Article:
Well over a year before the shooting in the Orlando gay nightclub, a police official in Karachi told me that Islamic State-inspired youths wanted to kill Pakistani gays.
Raja Umar Khattab has interrogated hundreds of militants from different groups, including al-Qaida, Lashkar-e-Jhangvi, Jundullah and the Taliban. He says gays had never been on the hit lists before but they are now.
“Every group had a hit list; the most common would be journalists – but not LGBT,” he said.
Khattab last year busted a group of university graduates and students who had been involved in an attack on an American professor, the murder of human rights activist Sabeen Mahmud and the Karachi bus shooting that left 46 men and women of the Shia-Ismaili minority sect dead in May 2015.
The prime suspect was Saad Aziz, a graduate of the prestigious Institute of Business Administration, which is the alma mater of Pakistan’s president, Mamnoon Hussain, and former Prime Minister Shaukat Aziz, among other leaders. Aziz, a bright student, joined a network of highly educated youths studying in different colleges and universities in Karachi, a city roughly the size of Stanislaus County with 23 million residents.
Khattab defines the group as Islamic State-inspired youths who formed their own terror network after parting ways with al-Qaida, which later gave birth to its south Asian offshoot al-Qaida in Indian Subcontinent. Khattab said the Islamic State-inspired group had specific targets – Americans, minorities, media persons, rights activists and gays.
In April 2015, they shot Debra Lobo, an American professor from California who was vice principal of the Jinnah Medical and Dental College in Karachi. She survived.
Mahmud – director of The Second Floor, which works on behalf of the marginalized and missing persons in Balochistan province – did not survive; she was killed a week after the Lobo shooting while with her mother as they walked home from the cafe where she worked. Less than a month later, in May 2015, the Aziz group savagely killed 46 members of the Ismaili community who were traveling to work on a bus in Karachi.
Just a week after that deadly attack, members of the group were arrested. Investigators found a list of potential targets, including those they perceived as gay or who were “promoting homosexuality at the behest of America.”
Among those targeted was a TV actor who dressed as a woman to parody former Prime Minister Benazir Bhutto. Several fashion designers were also listed, police said, because they were promoting “deep neck” shirts, mini-skirts and sleeveless dresses – all deemed obscene.
Aziz told interrogators that one of the fashion designers was selected because of his “homosexual features.”
The arrested militants said they believe most fashion designers and actors are gay and guilty of “spreading homosexuality.”
“By killing the selected ones we wanted to make them a lesson for others who are bent upon making Pakistan a vulgar and obscene country and like the west, in most parts of which the homosexuality has been legalized,” Aziz told interrogators.
Having seen media reports concerning the fight to legalize gay marriage in the U.S., Aziz wanted to halt the spread of homosexuality in Pakistan.
“A number of recent terrorist acts were the brainchild of well-educated and affluent militants, such as Saad Aziz,” says Zia Ur Rehman, Karachi-based security expert and author of “Karachi in Turmoil.” That gave them access to places and targets the Taliban could not reach.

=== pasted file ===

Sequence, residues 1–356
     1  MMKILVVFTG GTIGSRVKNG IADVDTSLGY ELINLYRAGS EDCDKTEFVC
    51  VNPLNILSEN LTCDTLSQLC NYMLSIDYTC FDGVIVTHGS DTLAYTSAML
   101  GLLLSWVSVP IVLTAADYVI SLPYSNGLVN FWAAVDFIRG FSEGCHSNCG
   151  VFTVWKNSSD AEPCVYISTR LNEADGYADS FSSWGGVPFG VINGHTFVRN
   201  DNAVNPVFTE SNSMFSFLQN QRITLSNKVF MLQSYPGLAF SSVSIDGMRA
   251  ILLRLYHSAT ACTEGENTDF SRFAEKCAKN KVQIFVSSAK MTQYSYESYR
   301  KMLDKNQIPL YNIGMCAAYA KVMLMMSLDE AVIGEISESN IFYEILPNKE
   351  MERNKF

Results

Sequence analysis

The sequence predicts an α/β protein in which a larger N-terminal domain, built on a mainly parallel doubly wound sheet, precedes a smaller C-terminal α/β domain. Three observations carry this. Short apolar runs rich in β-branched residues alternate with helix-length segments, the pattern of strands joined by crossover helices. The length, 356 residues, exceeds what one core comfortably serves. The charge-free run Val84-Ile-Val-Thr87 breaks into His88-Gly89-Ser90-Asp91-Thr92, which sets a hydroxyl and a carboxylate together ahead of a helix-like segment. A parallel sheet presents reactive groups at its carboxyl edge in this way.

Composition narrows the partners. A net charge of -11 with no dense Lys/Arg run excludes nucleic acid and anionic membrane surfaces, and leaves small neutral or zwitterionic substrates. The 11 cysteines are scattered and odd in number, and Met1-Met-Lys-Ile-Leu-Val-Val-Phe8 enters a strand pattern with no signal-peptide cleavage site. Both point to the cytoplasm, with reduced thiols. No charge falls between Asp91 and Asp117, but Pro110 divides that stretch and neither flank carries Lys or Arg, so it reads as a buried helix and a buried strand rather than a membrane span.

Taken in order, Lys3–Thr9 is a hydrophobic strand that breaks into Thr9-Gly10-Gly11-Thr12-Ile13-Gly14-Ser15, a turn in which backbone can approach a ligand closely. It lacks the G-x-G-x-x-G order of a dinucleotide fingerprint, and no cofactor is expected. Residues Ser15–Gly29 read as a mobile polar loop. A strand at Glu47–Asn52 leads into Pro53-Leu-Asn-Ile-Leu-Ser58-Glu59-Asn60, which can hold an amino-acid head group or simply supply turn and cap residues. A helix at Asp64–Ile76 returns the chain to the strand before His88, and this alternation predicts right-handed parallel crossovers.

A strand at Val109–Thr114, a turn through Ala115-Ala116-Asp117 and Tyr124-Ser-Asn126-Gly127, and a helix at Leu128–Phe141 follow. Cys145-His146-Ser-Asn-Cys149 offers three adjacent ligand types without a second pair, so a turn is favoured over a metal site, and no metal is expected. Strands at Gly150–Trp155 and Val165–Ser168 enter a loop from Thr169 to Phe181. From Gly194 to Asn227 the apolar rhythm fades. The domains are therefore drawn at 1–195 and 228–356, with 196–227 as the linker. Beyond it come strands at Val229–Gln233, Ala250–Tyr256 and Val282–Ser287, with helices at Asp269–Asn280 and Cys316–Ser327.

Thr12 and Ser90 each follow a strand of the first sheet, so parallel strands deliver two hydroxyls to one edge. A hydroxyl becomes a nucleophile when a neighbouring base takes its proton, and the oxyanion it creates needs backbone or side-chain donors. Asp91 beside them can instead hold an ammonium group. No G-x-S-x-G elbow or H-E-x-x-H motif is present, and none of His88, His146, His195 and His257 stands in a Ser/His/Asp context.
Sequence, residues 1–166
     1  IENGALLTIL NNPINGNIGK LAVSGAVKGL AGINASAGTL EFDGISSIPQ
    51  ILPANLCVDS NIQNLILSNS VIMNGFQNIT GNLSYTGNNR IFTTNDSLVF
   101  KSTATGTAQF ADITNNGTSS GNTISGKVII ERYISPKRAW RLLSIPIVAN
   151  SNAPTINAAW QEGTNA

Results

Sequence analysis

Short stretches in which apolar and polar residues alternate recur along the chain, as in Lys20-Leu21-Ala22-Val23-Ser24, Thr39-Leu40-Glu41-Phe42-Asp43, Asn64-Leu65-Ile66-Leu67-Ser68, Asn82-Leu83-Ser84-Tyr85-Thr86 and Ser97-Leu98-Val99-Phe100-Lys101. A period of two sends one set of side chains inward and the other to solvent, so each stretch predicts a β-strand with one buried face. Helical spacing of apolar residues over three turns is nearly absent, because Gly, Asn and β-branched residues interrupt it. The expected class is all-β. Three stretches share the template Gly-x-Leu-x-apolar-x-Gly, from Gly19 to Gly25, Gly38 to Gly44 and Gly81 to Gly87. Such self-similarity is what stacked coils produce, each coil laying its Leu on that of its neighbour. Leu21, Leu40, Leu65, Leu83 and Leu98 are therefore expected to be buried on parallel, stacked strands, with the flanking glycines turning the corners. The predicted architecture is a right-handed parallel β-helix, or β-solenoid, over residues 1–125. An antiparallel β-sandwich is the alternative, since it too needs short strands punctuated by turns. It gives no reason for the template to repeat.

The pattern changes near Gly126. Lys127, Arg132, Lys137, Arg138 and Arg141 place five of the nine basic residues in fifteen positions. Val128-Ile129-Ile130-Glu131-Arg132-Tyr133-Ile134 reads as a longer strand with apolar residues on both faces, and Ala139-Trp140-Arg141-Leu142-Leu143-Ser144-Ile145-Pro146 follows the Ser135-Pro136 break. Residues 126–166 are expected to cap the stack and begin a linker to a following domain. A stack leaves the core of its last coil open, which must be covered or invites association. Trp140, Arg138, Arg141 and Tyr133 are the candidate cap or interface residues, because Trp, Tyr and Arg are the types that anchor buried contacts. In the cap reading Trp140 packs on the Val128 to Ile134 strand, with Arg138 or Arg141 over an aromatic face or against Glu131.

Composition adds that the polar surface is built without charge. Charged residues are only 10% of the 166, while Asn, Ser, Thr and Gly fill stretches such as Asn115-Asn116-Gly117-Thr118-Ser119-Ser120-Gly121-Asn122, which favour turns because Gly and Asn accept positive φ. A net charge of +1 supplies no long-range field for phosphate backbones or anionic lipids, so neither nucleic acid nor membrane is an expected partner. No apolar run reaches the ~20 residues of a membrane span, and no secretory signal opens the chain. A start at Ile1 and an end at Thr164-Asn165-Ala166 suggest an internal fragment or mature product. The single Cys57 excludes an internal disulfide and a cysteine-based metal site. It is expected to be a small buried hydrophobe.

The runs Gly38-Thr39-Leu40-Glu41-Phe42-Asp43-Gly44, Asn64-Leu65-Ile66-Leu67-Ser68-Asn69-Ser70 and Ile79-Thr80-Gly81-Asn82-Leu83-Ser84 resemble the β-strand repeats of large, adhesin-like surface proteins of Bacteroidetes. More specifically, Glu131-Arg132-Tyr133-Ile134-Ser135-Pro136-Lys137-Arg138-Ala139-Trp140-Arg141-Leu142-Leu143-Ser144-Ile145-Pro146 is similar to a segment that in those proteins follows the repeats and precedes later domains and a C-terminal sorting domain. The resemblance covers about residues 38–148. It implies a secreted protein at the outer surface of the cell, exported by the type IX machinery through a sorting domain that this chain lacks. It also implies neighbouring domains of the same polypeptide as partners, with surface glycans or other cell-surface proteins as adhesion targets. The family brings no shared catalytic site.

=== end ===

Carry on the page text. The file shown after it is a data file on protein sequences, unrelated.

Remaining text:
Though homosexuality is not new in Pakistan, Islamic religious groups are fighting against it.
One Karachi homosexual, who did not want to be identified, said LGBT people often seek relationships through the internet.
“Gays and lesbians in Pakistan have to be highly discreet of their sexual orientation,” says Furqan, which is not his real name. The reason is simple. A Pew Research Center survey in June 2013 noted that of 39 countries studied, Pakistan was among the least gay-tolerant.
Under the 1860 colonial laws enforced in Pakistan after it was carved out of India, same-sex sexual acts were punishable by prison sentences of 2 to 10 years. But when Islamic laws were introduced, punishments such as 100 lashes and stoning were added.
An LGBT Pakistani may face either secular or Islamic, or in some cases both, types of punishment. A study of punishment of LGBT Pakistanis suggest that it is more common for there to be police harassment and fines or jail time rather than the more extreme punishments.
On May 25, a transgender woman succumbed to her wounds after being shot eight times by a disgruntled customer. Alisha was the victim of the fifth reported case of violence against transgender people in Khyber Pakhtunkhwa province this year.
According Trans-Action Alliance, there have been 46 transgender people killed in Khyber Pakhtunkhwa over the last few years. But in Alisha’s case, she was refused treatment in a health facility when other male and female patients demanded she not be admitted.
Many expected that when the case drew the attention of the media, it would force authorities to halt attacks on transgender people. However, another transgender person was critically injured after being shot multiple times for allegedly resisting the sexual advances of a group of armed men in Mansehra district just this week.
“Though militant groups are busted by law enforcers, whether gays or transgender they will remain vulnerable to indifferent attitude of the society which is ironically highly intolerant to them,” Rehman said.
Naimat Khan is a Karachi-based journalist who spent a month in Modesto as part of a journalist exchange program. He wrote this for The Modesto Bee.